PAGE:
Honestly, I never thought I would witness something like this in my professional life. It is a huge a medical breakthrough for the following reasons:

  • Greater possibilities of pregnancy for each cycle. We speak of a cycle whenever there is an oocyte retrieval. This means that in many cases we do not have to repeat egg retrieval when a second pregnancy is sought.
  • Reduced number of multiples pregnancies. It often happens that, although our patients prefer a single pregnancy, they ask us to transfer more embryos to avoid the loss of quality when frozen.
  • If, after the egg retrieval, the patient cannot continue the treatment due to  medical or personal reasons, it no longer matters if we do not perform a fresh embryo transfer.  This is of great importance for women with polycystic ovaries, as those run a risk of hyperstimulation.
  • This year several studies highlight that results with frozen embryos can be even better since the endometrial preparation is more physiological. They suggest to freeze them all and not to do a fresh transfer. I do not expect that much, since that would also delay and make the process more expensive. 

At the moment patients do not believe it at all. Last week a very nice husband of a patient told me: “How can it be the same?  It is like with fresh and frozen fish!”. So, I thought, we have to make it known.

The great challenge of vitrifying blastocysts. 

I have already told you how frozen embryos live. The vitrification of blastocysts has been the greatest challenge for biologists. Blastocysts are embryos which are 5 or 6 days old.  They have a mass of 200 cells which generates all the structures of the embryo called internal cellular mass. The other cells, called trophectoderm, form the placenta. Moreover, they have a very big “lagoon” of water which is called blastocoel and an outer membrane which is at the point of collapse, since the blastocyst is the next stage of the embryo prior to implantation in the uterus.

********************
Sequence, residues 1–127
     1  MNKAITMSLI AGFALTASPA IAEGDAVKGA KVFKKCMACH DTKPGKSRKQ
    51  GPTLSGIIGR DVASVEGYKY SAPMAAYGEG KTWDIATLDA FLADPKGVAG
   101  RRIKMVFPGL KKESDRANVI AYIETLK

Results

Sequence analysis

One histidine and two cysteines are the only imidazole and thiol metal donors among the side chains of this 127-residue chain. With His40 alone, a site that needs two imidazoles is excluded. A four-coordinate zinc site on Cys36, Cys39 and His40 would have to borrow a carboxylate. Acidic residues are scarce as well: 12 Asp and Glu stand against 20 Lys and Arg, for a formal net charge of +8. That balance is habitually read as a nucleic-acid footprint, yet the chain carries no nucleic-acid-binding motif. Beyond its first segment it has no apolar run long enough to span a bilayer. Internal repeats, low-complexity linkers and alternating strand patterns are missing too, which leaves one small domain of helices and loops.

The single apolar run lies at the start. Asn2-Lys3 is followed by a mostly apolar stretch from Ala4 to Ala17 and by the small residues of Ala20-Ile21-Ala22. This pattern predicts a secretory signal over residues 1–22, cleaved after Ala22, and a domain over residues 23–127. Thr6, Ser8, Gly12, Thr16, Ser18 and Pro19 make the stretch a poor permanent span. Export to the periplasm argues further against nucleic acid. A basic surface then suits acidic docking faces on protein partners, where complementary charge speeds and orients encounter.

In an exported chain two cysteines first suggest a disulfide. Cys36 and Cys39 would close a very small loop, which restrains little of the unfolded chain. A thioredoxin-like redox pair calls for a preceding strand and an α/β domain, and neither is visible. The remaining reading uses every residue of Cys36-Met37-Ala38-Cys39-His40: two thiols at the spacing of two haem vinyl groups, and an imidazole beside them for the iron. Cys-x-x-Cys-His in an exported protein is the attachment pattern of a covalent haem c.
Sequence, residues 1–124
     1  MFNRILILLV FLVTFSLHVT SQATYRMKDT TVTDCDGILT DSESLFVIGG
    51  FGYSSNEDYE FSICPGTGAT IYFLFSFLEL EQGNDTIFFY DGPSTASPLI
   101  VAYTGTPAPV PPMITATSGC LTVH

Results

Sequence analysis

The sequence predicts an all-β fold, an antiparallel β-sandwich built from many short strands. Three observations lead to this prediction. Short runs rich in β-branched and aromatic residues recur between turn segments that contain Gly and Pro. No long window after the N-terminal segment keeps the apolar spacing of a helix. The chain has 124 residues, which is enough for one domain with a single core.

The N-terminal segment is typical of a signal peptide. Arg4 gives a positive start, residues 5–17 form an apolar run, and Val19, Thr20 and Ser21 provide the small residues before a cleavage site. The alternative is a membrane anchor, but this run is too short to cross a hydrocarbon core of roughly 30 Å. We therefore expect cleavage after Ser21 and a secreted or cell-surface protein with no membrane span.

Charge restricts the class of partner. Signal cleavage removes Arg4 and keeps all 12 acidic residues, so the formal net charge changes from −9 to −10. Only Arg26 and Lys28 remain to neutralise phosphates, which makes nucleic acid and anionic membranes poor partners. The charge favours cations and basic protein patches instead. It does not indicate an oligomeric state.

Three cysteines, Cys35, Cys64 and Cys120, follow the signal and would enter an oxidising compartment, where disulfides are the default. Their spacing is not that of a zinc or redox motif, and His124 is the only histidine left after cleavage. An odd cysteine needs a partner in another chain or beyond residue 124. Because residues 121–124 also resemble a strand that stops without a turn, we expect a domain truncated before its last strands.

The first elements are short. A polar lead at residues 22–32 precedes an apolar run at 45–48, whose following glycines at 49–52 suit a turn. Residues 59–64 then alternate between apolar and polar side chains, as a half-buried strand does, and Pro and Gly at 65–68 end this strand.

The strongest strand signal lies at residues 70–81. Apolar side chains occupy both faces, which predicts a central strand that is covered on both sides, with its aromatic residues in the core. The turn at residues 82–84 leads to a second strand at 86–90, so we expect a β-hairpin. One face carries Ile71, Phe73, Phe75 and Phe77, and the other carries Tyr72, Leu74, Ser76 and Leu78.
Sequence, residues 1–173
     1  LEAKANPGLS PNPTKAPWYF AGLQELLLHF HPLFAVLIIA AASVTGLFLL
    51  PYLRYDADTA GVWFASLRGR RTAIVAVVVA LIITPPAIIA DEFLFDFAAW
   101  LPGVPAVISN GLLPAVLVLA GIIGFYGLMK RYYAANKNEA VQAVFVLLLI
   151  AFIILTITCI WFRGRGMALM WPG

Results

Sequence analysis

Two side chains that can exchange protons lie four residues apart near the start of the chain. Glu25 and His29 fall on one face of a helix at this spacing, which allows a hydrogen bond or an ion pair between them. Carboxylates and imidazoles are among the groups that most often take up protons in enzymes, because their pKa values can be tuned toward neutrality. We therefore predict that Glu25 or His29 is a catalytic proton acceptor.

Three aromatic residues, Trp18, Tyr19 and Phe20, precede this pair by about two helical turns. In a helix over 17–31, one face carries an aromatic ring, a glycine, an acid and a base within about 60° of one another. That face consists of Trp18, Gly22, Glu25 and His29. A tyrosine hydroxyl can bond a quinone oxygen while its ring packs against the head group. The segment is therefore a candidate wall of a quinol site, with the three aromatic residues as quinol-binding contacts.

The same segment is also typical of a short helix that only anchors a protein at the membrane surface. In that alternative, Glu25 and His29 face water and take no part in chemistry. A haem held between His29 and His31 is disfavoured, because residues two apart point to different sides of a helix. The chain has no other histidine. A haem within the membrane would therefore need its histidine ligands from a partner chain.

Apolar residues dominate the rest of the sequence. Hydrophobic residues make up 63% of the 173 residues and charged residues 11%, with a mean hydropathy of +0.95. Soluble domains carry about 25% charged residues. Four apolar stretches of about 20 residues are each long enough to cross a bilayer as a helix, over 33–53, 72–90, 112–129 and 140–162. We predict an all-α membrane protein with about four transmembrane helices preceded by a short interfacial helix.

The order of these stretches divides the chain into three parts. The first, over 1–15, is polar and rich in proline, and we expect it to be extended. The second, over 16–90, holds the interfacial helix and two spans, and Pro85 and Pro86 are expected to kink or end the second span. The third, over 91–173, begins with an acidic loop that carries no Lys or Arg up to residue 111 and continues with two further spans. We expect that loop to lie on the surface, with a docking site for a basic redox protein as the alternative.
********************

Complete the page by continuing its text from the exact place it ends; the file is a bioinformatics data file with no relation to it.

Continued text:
EN-Leyenda

The difficulty when freezing  blastocysts consists mainly in the quantity of water they have. For example, at home it is easy to freeze a chicken but we cannot freeze an egg.

In order to vitrify blastocysts successfully, biologists previously remove their water through a pinch, or as we do in our laboratory, they can surround them with a chemical solution  which absorbs the liquid without, as you may see, affecting them.

Since there is no video available to describe this process, I have requested our embryologists to record a video when putting the  blastocysts in the Embryoscope.

Firstly, we can observe how it is left without water and then how it is rehydrated to be vitrified.

These are images in fast motion, but this process may take hours.

 

We keep on with your genetics

Also you are carrying genetic mutations that predispose you to have serious diseases. Would you like to know which ones?

Nowadays, you have the possibility to know the degree of genetic predisposition that you have to develop diseases such as Alzheimer’s, cancer, heart attack, multiple sclerosis, etc. They are responsible for most natural deaths in developed countries.

Look at the following chart. It could belong to any of us. Your report would be like this one but varying the specific risk for each disease. It’s highly likely that the cause of your death is written in the first five lines. What a shock, isn’t it? Isn’t it unbelievable? Clearly, we are all going to die. This report tells us the cause of our death.